ICT organizational structure

Hello comrades. I have a question about how the ICT promotes political homogeneity within its ranks and amongst different sections.

I understand that the sections of the ICT have a fair amount of autonomy in the sense that there isn't a centralized organ that is elected from all of the members that tries to coordinate the actions of all of the sections or facilitate the process of political homogenization. I think for this reason some have referred to the ICT as federalist in practice.

The ICT platform states:"...organisation and centralisation on an international scale. The process of moving from today's fragmentary struggles of revolutionary forces scattered throughout the globe to tomorrow's political and military battles of the international revolutionary party demands the maximum of effort by communists to secure political homogenisation and the organisation of new cadres. The formation of the International Party of the Proletariat will come about through the dissolution of the various 'national' organisations which have worked together and are in agreement about the platform and programme for revolution"

How does the ICT envision this process of centralization coming about? Some organizations (the ICC for example) are centralized from the start. What in the present conditions prevents the centralization that the ICT platform states is necessary?

What happens if/when militants within any section of the ICT begin to diverge from the theory or praxis outlined in the shared platform (ie heteroginisation)? How can the other sections respond to this?

Fraternal regards,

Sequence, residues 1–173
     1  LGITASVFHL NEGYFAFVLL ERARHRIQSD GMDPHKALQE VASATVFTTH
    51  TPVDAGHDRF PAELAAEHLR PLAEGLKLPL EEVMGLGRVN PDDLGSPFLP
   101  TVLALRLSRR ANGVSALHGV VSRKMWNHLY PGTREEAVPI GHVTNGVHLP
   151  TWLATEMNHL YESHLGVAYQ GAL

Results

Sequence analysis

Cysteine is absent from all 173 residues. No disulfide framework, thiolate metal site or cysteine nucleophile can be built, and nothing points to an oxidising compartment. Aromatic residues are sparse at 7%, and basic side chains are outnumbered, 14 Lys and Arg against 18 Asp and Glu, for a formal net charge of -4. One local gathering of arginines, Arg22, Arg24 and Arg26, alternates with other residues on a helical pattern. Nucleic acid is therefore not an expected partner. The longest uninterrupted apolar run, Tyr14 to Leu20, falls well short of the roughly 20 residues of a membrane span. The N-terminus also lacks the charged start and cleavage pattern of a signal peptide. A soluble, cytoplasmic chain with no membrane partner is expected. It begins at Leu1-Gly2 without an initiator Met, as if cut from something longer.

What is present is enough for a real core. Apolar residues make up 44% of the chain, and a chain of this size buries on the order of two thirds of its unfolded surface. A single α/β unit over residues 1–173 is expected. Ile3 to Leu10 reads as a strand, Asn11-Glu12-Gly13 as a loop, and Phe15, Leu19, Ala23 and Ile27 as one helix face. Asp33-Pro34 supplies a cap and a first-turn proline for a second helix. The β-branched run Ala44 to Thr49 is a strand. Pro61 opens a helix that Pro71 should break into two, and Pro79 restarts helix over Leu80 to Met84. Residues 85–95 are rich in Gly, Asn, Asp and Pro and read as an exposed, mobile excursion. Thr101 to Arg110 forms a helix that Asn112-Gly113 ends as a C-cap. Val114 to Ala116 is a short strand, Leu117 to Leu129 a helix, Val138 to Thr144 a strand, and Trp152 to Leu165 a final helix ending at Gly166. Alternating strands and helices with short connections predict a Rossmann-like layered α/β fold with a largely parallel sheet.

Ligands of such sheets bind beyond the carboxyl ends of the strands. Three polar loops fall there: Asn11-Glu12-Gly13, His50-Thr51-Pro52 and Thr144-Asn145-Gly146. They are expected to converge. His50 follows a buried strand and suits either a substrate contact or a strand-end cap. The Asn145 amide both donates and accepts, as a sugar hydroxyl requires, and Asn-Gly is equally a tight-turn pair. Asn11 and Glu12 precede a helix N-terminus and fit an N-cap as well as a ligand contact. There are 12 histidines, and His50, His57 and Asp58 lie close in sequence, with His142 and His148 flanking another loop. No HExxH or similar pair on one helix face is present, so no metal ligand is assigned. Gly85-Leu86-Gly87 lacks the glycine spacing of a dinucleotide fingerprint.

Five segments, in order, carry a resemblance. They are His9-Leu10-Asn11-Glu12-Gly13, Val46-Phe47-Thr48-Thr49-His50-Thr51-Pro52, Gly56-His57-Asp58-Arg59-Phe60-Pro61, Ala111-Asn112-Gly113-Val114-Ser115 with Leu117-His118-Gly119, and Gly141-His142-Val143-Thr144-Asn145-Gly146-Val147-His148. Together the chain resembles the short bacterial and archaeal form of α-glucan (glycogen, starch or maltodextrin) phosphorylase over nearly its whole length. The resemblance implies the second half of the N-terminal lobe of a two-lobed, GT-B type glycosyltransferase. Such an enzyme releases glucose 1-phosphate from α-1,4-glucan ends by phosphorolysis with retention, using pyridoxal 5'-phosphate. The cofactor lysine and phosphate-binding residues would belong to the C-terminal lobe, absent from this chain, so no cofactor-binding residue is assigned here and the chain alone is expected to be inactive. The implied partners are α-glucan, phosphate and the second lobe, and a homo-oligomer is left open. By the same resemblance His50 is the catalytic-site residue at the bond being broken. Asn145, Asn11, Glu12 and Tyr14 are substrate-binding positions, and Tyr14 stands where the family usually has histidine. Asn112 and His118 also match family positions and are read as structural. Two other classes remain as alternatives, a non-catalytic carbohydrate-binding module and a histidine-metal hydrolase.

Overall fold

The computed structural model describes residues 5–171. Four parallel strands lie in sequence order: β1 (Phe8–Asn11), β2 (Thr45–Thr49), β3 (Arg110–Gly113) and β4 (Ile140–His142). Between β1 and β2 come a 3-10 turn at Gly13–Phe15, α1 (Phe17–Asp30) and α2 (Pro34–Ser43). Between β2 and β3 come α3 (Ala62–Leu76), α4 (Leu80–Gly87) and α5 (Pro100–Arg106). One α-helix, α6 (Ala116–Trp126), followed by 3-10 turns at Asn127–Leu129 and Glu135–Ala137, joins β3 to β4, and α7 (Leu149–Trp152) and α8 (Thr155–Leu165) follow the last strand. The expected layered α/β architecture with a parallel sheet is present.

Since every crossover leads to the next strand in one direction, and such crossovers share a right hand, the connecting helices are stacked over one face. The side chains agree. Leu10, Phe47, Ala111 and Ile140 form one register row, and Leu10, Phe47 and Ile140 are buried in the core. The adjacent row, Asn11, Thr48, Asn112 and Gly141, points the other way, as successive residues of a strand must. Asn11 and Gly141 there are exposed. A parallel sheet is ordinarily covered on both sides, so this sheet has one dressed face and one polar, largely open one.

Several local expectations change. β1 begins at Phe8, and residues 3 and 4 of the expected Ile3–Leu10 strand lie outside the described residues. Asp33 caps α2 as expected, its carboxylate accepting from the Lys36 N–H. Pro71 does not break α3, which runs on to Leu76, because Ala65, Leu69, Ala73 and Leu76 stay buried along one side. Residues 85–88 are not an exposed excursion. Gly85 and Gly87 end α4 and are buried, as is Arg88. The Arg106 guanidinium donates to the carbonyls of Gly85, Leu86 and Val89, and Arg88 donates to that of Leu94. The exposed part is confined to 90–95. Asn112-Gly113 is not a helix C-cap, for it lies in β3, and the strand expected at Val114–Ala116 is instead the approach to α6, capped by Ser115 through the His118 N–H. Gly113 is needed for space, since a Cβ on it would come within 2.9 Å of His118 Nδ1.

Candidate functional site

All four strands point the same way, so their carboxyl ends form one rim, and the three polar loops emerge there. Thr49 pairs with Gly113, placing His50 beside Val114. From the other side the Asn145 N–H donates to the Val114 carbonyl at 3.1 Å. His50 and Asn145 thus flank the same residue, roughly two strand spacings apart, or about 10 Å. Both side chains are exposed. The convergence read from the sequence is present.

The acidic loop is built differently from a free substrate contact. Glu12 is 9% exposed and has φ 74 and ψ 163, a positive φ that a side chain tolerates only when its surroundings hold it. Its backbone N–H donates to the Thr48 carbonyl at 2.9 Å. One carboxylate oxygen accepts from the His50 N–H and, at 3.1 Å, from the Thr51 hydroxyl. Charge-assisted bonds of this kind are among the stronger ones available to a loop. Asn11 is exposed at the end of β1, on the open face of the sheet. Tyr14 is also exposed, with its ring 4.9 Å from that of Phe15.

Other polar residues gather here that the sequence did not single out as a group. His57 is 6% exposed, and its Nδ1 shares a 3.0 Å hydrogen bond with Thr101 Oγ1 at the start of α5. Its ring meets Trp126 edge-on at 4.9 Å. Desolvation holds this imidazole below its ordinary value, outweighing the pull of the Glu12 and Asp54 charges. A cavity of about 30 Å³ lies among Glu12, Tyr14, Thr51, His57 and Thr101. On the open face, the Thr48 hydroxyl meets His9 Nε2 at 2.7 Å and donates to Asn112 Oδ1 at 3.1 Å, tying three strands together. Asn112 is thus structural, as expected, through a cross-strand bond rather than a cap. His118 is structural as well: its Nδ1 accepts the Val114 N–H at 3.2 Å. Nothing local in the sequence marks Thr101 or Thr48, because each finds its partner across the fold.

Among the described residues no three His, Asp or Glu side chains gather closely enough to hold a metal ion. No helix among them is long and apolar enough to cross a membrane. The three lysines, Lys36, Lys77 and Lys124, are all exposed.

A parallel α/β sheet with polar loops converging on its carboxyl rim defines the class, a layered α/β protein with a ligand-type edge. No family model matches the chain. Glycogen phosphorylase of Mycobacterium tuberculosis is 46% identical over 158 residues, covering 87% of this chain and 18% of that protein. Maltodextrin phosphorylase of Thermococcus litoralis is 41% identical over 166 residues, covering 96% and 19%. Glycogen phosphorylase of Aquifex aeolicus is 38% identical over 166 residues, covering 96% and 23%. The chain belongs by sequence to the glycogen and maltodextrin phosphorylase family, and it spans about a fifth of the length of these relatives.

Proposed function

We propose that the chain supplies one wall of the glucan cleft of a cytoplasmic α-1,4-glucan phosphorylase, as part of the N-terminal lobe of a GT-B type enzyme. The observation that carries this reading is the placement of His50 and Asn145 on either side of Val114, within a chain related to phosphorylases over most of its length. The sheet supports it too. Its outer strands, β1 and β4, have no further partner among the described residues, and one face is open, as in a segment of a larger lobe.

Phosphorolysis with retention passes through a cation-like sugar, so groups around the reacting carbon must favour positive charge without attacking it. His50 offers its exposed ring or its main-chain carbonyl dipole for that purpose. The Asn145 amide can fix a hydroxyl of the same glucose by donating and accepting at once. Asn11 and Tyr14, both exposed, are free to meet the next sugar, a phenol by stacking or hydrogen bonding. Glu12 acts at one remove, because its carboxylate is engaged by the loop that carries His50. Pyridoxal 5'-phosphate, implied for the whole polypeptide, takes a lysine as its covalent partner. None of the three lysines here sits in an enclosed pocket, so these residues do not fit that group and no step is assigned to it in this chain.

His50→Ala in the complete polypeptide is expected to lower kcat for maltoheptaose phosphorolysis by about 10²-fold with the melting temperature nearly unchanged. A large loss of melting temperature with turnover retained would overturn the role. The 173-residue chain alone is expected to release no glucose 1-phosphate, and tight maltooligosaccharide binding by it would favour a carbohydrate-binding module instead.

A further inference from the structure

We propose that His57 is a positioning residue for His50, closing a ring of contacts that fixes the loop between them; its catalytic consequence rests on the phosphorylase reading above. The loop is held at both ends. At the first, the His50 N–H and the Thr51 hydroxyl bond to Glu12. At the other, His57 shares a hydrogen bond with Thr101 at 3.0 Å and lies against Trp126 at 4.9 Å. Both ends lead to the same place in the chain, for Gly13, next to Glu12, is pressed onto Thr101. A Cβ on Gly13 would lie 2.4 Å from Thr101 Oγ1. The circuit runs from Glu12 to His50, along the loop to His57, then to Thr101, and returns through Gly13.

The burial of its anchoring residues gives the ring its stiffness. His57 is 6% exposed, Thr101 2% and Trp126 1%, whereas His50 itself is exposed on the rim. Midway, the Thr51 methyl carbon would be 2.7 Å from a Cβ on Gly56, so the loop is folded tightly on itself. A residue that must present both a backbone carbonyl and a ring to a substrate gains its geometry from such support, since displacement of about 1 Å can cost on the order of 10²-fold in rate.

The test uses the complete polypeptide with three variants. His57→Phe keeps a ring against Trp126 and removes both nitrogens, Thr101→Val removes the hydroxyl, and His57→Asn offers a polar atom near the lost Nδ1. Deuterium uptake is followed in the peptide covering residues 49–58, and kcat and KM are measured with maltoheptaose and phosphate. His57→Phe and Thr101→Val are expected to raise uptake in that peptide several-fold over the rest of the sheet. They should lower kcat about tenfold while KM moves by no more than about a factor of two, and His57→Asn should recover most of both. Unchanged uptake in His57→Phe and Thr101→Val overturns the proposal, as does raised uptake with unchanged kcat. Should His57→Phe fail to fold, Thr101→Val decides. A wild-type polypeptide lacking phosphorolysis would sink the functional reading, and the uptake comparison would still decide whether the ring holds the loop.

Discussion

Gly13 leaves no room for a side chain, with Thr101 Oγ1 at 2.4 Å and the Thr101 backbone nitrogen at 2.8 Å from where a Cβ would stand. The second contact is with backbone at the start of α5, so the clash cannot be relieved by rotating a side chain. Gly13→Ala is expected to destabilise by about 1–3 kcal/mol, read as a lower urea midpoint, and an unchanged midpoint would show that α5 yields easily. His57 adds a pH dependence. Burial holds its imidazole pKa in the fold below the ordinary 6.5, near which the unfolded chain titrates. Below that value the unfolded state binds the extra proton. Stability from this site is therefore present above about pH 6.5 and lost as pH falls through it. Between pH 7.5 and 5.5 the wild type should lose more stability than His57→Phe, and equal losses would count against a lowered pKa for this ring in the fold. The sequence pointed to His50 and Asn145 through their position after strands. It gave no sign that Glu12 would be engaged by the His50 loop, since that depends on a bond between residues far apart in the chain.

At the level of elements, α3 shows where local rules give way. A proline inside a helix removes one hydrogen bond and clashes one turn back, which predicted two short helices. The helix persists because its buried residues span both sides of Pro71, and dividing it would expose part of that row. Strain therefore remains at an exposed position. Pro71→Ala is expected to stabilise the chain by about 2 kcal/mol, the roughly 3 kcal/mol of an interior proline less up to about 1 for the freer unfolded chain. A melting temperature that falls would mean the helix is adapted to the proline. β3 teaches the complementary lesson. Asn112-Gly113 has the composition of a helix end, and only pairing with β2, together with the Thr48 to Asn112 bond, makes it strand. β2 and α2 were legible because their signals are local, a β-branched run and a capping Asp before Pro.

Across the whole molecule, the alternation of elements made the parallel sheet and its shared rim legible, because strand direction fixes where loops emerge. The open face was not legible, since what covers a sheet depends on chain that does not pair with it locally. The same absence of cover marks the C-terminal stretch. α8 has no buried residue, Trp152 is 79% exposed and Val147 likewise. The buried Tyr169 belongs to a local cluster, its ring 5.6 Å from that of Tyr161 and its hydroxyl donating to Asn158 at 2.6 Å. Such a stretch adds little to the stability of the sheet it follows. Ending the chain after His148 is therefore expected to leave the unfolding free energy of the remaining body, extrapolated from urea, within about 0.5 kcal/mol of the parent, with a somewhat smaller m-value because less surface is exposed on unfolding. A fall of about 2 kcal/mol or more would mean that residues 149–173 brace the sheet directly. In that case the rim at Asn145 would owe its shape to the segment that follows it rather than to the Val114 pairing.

Your real question is at the end of your enquiry which is what prevents the ICT from centralising itself now. The answer is that in common with all other revolutionary minorities we are not sufficiently strong nor well enough planted in the life of the class to make such a claim. And this is a corollary of the fact that the class is not generally moving in an anti-capitalist direction. We have some way to go before that will be a reality. In the meantime our affiliated groups have to find the best means, enter the most productive dialogues, theoretically share their acquisitions with not only those they encounter on the class war battlefield but also with the rest of the ICT through the central body of coordination which we set up in 2006 called the International Bureau. This is made of of delegates from each of our affiliates. This oversees the discussion within the ICT, produces common documents, statements on events of major international significance and deals with relations with other international bodies or tendencies. We think this is the only logical way to proceed at the given level of class consciousness and struggle. As these develop we hope the numbers in are affiliates and the numbers of our affilitates will grow. This in itself will naturally drive forward the tendency to centralisation. However to artifically impose such centralisation now (as many of our sympathisers want us to do) would be a mistake. By allowing our comrades in different places to react as they see fit we bring to the ICT a wider range of experience which in the long run can only make it a more fitting instrument to be one of the contributors to a future international and internationalist body which has real roots inside the working class.